Several weeks ago, I came across a fallen leaf in my driveway whose shriveled shape reminded me of either a small animal or very large bug. All it needed was some stick-on eyes to imbue it with some personality. When I showed my pet leaf to a group of women with dementia and Alzheimer’s, we decided it was definitely a male whose diet consisted mainly of M&M’s.

(Click on all images to enlarge.)


Harold was the inspiration for an extended ElderSparks session celebrating fall and its imaginary creatures. In preparation, I had gathered a large collection of leaves in various shapes and sizes, fluffy seed plumes, delicate thorny spines, scary-looking fruit heads, cornhusks, pods, and even empty wasp nests. The full assortment was displayed on tables that greeted the participants upon arrival.

Due to illness and the recent demise of one of our regulars, our group consisted only of J~, the food writer, S~, the quilter, and myself. We began by observing a moment of silence in memory of L~ who, I think, would have especially enjoyed this class. Afterwards, I passed some of the more interesting specimens around so we could admire their beautiful patterns, textures, shapes, and subtly colored surfaces.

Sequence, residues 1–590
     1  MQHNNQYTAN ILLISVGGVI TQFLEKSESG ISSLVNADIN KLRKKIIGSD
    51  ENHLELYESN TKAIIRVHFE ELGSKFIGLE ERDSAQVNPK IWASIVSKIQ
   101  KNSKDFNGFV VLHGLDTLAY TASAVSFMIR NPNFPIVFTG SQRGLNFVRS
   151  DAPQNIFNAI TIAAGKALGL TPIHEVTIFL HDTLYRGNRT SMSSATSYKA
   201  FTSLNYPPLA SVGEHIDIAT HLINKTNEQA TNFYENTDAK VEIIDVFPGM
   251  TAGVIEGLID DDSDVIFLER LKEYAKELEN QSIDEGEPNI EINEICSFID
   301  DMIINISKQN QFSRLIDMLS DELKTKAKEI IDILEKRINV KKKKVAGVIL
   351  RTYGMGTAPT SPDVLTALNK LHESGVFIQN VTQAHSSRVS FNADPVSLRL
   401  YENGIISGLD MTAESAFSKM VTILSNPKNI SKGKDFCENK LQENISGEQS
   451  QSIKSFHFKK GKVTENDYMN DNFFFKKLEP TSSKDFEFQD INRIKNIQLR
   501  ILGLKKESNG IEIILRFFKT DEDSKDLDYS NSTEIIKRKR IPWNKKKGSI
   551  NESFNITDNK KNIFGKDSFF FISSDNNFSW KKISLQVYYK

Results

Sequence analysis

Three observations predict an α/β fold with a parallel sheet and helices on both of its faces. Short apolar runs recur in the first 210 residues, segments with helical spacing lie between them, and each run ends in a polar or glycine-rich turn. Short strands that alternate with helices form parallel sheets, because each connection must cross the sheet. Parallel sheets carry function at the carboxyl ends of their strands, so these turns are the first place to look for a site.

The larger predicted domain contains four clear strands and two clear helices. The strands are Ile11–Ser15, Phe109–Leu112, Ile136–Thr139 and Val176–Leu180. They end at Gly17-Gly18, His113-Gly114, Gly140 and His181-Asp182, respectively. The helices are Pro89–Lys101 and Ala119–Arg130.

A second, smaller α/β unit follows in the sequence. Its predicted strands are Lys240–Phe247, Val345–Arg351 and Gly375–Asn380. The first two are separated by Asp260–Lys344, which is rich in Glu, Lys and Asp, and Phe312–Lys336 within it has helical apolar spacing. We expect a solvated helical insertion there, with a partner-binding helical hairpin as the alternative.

I also couldn’t resist brushing the faces and heads of J~ and S~ with the feathery seed heads of ornamental grasses. Even a twig with dried pine needles proved surprisingly soft against the skin.

S~ kept asking when I had done my collecting, and urged me to keep track of the dates from year to year. Apparently that was very important to her, and may be related to an earlier time in her life when she saved red leaves for pressing. She was much better than I was at identifying specific plant genera, and became very animated talking about the artistic inspiration that nature provided. Clearly, she was in her element.

J~ was attracted to the hedge-apple when making his first fantasy animal. Once it acquired eyes, he added a receding hairline, longish snout, and leafy butt. He named it Max after his son, and explained that Max liked steak.


Below, the multi-orbed animal with bushy tail that was another of J~’s creations. Named after his daughter Zooey, it too preferred steak. (This made me wonder just whose dietary preferences J~ was talking about.)



S~’s aesthetic at work: Less is more.


A group effort.

Near the end of the session, I noticed that just beyond the window which S~ had her back to, was a tree whose leaves were turning red. I asked if she would like me to turn her around so she could view it. Once she was in position, I went outside to cut some leaves for her. I presented it to her as a bouquet which she clutched happily to her chest as she left the room.